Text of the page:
At the last reunion in 1995, I was working on my first overseas consulting assignment, at the Ministry of Finance in Bucharest, Romania. I didn't realize at the time that this would be the start of my new career, but it was. So I have returned to the path I first chose in Mrs. Hungerford's class. I have spent the last 12 years working as an international consultant in governmental financial management, working in at least 14 countries in Europe, Asia and Africa. Most of this work has been for the US Department of Treasury, but I have worked on projects sponsored by the World Bank, Asian Development Bank, US Agency for International Development (USAID) and the British Department for International Development.

A lot of my work has been to help formerly communist countries reform their systems to embrace a market-oriented, democratic society. However, it has also been increasingly dominated by work in "post-conflict" countries. After working in Bosnia-Herzegovina and Albania in the 1997-99 period, Treasury asked me to take up a post with the UN Administration in Kosovo shortly after the US intervention there. I spent six months as the budget director for the Kosovo Interim Administration. Having revealed my foolishness in that regard, Treasury then asked me to go to Afghanistan in the wake of the Post 9/11 war that evicted the Taliban from power there. I arrived there in early February 2002 and stayed (with breaks) 22 months until the end of November 2003, working as an advisor to two different Finance Ministers working with the Afghanistan Transitional government.

I would not have taken that kind of long-term assignment except for the fact that my wife, Cynthia Walker, has an equal commitment to this kind of work, and capacity for it. So after five years of nurturing a non-profit health care organization in Olympia, Washington after our return from Romania, she agreed to join me in Afghanistan. She worked on a USAID health care project providing $80 million in grants to NGOs throughout Afghanistan to provide basic health service and especially maternity and pediatric care to start improving the world's worst maternal mortality statistics. (If women can't see a male doctor and women can't be trained to be doctors, what do you expect to happen to maternal health?)

More recently I have worked in Liberia, which is overcoming its own problems from 20 years of civil war. But the frequent offers to help "make a difference" in Iraq always earn the response, I have been instructed to say "NO" (These instructions come from Cynthia, who gets from me in return the instruction, "No full-time work," so that she can join me overseas or we can take time off together.)

Working (and living) in places like Kosovo, Afghanistan and Liberia can be very challenging, but rewarding at the same time. Cynthia and I have learned a great deal about ourselves, about "being American" and we have had tremendous satisfaction that we have made some difference in people's lives. We have made many new interesting friends from all around the world in the process, and love to have them as visitors to our house on Puget Sound in Olympia, Washington.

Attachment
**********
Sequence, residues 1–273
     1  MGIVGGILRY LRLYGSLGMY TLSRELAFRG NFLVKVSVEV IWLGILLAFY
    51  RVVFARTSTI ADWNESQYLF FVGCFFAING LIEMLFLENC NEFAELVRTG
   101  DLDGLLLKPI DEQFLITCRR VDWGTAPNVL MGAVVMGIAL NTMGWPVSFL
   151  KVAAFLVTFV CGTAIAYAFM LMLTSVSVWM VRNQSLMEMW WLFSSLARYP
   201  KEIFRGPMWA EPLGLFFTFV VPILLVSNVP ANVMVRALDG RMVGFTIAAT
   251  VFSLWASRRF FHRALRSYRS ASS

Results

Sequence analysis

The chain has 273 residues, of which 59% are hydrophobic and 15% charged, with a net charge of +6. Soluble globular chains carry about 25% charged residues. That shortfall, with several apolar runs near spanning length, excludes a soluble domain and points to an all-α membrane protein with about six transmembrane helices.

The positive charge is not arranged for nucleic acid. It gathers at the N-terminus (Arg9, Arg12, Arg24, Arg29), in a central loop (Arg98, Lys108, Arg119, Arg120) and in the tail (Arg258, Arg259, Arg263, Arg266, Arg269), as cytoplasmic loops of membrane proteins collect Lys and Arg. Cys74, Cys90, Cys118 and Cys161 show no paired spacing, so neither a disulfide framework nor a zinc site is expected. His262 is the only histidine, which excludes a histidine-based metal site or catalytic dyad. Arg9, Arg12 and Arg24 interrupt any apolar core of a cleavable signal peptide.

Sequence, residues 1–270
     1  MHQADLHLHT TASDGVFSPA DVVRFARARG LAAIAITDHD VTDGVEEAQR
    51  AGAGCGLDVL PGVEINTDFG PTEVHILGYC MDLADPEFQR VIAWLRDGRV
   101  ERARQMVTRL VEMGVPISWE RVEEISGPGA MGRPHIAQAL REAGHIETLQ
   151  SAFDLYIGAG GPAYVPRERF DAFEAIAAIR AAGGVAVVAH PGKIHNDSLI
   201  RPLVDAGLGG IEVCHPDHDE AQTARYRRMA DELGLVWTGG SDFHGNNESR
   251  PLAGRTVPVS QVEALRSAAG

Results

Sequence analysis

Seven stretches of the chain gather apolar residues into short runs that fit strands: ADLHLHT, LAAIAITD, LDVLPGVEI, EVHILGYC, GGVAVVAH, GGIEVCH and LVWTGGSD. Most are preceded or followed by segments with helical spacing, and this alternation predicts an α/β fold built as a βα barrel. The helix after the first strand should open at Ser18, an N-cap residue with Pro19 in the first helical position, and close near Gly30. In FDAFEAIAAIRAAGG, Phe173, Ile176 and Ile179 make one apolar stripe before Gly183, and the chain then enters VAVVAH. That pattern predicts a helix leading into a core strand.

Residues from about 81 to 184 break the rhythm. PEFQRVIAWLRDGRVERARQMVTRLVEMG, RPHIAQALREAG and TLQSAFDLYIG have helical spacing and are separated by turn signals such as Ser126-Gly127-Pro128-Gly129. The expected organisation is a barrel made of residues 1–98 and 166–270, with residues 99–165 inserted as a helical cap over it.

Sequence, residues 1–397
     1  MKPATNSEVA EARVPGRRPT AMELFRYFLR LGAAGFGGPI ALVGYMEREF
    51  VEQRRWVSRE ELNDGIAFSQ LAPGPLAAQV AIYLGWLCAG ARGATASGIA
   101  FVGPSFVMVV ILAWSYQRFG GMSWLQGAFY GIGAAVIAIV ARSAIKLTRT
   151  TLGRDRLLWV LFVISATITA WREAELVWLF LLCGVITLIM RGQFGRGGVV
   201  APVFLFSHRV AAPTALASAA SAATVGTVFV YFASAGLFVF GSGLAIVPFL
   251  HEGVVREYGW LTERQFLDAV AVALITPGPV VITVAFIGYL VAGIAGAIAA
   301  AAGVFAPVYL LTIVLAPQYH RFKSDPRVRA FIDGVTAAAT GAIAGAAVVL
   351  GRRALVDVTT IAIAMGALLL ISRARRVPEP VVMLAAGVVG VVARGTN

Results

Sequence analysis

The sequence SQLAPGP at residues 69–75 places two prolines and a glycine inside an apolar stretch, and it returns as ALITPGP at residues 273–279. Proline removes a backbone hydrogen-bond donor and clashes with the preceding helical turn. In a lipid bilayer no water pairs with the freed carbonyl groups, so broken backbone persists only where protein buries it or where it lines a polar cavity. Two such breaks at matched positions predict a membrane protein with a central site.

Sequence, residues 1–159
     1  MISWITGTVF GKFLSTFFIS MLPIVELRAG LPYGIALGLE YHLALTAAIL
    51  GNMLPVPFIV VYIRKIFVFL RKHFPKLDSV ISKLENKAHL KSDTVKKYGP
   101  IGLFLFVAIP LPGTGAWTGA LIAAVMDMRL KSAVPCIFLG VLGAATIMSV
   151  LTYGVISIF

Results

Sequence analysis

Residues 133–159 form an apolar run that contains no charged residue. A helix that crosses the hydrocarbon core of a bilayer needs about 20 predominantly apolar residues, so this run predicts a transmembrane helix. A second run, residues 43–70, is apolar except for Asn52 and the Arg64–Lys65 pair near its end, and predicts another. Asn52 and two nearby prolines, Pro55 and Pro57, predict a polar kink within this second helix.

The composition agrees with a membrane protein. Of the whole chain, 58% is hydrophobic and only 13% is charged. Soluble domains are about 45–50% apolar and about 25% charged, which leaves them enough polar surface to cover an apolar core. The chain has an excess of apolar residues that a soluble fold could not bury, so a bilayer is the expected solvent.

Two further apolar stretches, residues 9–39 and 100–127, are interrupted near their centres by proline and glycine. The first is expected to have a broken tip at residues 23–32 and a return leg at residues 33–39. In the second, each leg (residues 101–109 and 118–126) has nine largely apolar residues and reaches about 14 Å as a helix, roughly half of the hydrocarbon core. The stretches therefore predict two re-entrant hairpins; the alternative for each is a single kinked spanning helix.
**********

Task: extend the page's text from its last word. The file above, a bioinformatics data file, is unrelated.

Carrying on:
While in Europe, I decided I was "close" to Africa, so on March 6, 1996 successfully reached the top of Mt. Kilimanjaro, thus completing an ambition I first recorded in the Wocsomonian 30 years earlier.
Larry and Cynthia with Daughter Stephanie and son-in-law Mike at their house in Olympia, WA
Larry and Cynthia with Daughter Stephanie and son-in-law Mike at their house in Olympia, WA

Our children, Chris (33) and Stephanie (32) have been deprived of a little parental contact because of this kind of life, but have generally been supportive. Stephanie has kept a map of the world at her office with a flag marked "Dad" to keep track of where I am. She married (Michael) on Christmas Eve 2001, continues in a career with the City of Portland building regulation, but is pursuing the dream of starting a chocolatier business. Chris has been working computer ISP and web design work in Seattle, and is not married. So, no "grandkid" photos for me to share at the reunion.

My parents are still both living in Moscow and have just moved into the Good Sam retirement community. The house on Seventh Street they lived in for 52 years is still being cleaned out for sale as I write this. My father has suffered from Parkinsons for at least 10 years and recently got the more disturbing diagnosis of acute leukemia. So in addition to seeing all of you at the reunion, I'll be looking forward once again to some quality time with my parents.

Moscow Bear T-Shirt Travels The Globe

The Moscow Bear's Been Everywhere!
Check out the pictureAmsterdam, Holland at the Train Station. Check out the pictureBaku, Azerbaijan-Maiden Tower.
Check out the pictureBratislava, Slovaki with Bratislava Castle. Check out the pictureBucharest, Romania with Casa Popolurui.
Check out the pictureCadaque, Spain-Jan 1, 2004. Check out the pictureDubai, United Arab Emirates.
Check out the pictureGeneva, Switzerland. Check out the pictureKabul, Afghanistan - Ministry of Finance.
Check out the pictureKiev, Ukraine, with statue of Lenin. Check out the pictureKoror, Palau Islands.
Check out the pictureLisbon, Portugal. Check out the pictureLjubljiana, Slovenia.
Check out the pictureMarrakech, Morocco in the Medina. Check out the pictureMonrovia, Liberia - Budget Bureau.
Check out the picturePretoria, South Africa - Government House. Check out the picturePristina, Kosovo bombed building.
Check out the pictureSan Jose, Costa Rica. Check out the pictureYerevan, Armenia Opera House.